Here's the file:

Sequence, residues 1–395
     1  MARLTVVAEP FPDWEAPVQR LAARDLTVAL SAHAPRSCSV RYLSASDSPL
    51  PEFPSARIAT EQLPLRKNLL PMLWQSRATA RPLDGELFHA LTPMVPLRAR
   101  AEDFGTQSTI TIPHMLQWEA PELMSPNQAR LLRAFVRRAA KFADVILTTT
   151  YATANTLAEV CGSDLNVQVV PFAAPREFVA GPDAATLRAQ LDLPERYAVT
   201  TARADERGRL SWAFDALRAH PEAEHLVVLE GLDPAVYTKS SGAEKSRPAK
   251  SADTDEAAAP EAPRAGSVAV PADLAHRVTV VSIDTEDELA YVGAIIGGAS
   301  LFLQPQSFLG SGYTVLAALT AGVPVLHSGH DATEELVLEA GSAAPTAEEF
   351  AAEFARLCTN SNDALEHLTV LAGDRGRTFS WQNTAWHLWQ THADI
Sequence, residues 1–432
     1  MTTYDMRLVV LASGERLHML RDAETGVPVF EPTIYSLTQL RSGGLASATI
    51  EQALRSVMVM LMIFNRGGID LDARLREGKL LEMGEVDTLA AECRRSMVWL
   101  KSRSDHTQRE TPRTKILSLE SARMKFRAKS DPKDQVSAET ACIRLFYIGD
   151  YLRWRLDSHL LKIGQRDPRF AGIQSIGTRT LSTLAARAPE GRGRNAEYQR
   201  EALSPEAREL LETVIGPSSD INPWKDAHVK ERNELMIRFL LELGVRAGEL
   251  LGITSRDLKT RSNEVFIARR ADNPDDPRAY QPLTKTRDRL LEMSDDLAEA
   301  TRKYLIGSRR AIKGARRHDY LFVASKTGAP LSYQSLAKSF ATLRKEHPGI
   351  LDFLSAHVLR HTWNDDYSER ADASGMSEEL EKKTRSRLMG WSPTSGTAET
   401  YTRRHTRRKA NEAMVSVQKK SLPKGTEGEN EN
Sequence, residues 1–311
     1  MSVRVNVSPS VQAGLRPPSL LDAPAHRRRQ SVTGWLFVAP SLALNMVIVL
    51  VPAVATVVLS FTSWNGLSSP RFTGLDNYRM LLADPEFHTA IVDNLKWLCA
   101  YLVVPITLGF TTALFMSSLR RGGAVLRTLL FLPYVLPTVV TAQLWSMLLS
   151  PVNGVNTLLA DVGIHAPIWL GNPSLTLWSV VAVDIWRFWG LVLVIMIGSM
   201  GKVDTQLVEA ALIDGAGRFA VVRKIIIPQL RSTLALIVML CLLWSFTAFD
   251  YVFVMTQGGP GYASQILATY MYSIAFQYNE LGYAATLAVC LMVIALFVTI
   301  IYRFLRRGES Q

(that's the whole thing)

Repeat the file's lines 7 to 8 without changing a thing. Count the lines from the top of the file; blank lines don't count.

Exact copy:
   251  SADTDEAAAP EAPRAGSVAV PADLAHRVTV VSIDTEDELA YVGAIIGGAS
   301  LFLQPQSFLG SGYTVLAALT AGVPVLHSGH DATEELVLEA GSAAPTAEEF